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8th January 2009

To A Prosperous New Year!

By Robert Whitfield
I wanted to take a moment to address the current economic situation and reassure you that your Atlanta area home is still one of the best investments you could have made or own during these troubled times.

I watch Squawk Box on CNBC every morning and always note the latest DJIA current and year to year stats. Just before this writing – stocks were down 38+ % from the same time last year! I am sure many peoples investment/retirement portfolio has lost even more. Except for certain California and Florida “bubble” markets, nowhere have home prices dropped nearly as badly as stocks. For example, per the latest Case-Shiller index, Atlanta prices are off only 10.8 percent over the same time last year. Since early ‘07 Forbes and Business Week have ranked Atlanta in the top 15 most stable US housing markets.

The market will come back as it always does and you can bet future home prices will only rise. Why do I and so many others think buying real estate is the best investment of all time? For many reasons – the worlds population keeps growing and people will always need somewhere to live. I have personally made and helped others make more profit in one transaction in a short amount of time than they ever could have in the stock market with the same amount of money and time span. In addition, as my grandfather used to say and as we’ve all heard “they aren’t making any more land” – thats true and one of the fundamental powers of real estate, but in the context of this article I am referring to “developed or improved land”. I dont recommend investing/speculating in raw land ever – unless you’re a developer, a population trend expert, visionary, or gambler with deep pockets! Why, because the hold time can be decades! Sure, I know someone who made a fortune selling land in and around the Perimeter Mall area 25 – 30 years ago but that land was in the family for half a century and the area was essentially a cow pasture then! I dont personally know too many other people who have done very well in land speculation. I do know plenty of people who have made money with single family homes and for the more sophisticated investor, multifamily apartment acquisitions.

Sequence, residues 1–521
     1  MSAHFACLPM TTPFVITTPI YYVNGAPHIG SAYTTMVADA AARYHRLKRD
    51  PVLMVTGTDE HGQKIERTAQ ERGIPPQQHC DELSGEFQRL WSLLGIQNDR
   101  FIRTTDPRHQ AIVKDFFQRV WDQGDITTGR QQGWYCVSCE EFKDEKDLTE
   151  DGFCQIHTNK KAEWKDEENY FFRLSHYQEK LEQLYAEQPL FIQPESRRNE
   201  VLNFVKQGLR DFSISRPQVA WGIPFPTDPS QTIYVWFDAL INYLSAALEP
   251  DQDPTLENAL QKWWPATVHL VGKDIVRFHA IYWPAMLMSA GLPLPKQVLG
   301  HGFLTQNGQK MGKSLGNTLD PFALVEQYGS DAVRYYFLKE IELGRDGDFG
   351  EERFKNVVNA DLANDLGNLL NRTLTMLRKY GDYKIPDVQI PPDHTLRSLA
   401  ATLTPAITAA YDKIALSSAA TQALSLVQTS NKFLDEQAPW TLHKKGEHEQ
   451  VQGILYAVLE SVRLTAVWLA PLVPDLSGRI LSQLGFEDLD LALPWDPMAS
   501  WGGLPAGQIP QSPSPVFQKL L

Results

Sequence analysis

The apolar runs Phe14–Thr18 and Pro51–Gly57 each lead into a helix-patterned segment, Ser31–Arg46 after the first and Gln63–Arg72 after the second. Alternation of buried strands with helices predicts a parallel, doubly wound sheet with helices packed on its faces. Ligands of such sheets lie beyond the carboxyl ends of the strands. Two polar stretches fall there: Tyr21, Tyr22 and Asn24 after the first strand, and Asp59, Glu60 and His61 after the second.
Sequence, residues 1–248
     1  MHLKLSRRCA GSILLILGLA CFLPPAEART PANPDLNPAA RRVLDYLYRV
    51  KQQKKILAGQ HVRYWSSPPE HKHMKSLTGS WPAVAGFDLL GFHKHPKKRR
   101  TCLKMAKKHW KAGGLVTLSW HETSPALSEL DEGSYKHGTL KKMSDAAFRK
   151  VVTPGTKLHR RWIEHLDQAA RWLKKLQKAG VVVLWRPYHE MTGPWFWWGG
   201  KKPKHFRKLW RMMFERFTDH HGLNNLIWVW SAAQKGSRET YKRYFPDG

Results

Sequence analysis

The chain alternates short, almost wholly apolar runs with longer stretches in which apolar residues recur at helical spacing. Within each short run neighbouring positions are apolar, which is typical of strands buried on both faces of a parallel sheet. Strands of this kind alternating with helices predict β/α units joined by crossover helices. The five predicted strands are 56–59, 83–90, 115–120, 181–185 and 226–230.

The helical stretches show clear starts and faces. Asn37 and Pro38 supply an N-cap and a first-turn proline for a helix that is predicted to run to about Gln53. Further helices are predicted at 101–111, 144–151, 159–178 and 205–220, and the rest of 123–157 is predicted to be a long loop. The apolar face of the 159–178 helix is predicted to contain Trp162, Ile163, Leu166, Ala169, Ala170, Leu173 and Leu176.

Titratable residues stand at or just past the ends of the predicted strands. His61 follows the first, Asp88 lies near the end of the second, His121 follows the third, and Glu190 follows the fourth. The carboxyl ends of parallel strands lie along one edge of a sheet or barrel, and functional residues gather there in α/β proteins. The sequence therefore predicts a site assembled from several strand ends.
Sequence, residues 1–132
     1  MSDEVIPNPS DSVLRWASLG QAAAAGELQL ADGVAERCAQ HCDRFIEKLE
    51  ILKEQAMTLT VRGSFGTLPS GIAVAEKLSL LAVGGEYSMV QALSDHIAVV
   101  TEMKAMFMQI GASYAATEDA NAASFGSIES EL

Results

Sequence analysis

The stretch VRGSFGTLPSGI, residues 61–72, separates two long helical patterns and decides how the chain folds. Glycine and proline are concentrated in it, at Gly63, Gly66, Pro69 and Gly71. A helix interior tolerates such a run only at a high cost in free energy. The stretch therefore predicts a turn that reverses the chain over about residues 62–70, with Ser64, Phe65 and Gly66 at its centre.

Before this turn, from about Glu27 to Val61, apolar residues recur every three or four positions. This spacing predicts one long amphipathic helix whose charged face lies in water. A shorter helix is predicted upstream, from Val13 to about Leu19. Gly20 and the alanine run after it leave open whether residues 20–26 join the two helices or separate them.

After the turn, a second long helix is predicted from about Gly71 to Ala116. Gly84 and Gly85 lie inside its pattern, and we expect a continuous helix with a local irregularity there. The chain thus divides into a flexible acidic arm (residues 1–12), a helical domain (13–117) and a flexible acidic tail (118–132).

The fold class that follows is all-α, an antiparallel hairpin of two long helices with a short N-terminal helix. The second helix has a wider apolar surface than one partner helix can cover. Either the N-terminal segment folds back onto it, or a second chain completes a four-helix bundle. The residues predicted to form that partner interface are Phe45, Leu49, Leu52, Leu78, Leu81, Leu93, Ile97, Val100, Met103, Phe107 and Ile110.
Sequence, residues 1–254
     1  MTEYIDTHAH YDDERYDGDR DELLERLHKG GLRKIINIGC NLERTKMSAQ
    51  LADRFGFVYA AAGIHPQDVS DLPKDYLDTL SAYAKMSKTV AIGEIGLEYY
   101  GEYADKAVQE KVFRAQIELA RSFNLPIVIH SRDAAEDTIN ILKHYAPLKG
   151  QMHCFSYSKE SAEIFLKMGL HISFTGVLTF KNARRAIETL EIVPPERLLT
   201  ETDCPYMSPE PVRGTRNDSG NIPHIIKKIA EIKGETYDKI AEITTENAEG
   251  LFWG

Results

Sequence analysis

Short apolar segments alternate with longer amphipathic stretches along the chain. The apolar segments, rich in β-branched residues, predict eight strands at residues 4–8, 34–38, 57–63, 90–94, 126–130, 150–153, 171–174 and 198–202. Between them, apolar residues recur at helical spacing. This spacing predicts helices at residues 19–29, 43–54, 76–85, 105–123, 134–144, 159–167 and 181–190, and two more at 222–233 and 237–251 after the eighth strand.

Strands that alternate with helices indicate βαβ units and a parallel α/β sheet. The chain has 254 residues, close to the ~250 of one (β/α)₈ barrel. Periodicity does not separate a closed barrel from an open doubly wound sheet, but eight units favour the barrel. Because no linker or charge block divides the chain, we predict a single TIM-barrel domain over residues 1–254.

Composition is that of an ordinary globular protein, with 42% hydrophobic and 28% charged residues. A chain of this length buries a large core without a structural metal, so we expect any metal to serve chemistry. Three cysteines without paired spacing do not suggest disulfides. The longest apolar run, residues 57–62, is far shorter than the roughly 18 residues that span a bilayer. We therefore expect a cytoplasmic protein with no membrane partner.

Investors are absorbing great deals right now which is advantageous to themselves and the market as a whole. (Let me rant for a moment.) I get disgusted when certain media refers to investors as “vulture investors” – as if buying an already foreclosed home is doing a disservice to the family who used to own it! If investors don’t “take advantage”, many markets will remain so flooded with deteriorating bank REO assets (foreclosures) that it will take much longer for thier housing markets to stabilize. Someone should ask these reporters, “Would you rather see a foreclosed home on your own street become a vacant (often vandalized) REO home – a neighborhood eyesore that only drives down prices the longer it is vacant, or be purchased ASAP by someone who will fix it up, rent it to a deserving family and sell it for the highest possible price when the time is right – thereby maintaining or even raising neighborhood values?” The answer is obvoius when you frame it in reality – investors play an important role in bringing this housing market back to some kind of equalibrium – and in my opinion, we should be thankful they have the money, intestinal fortitude, and vision to do what they do.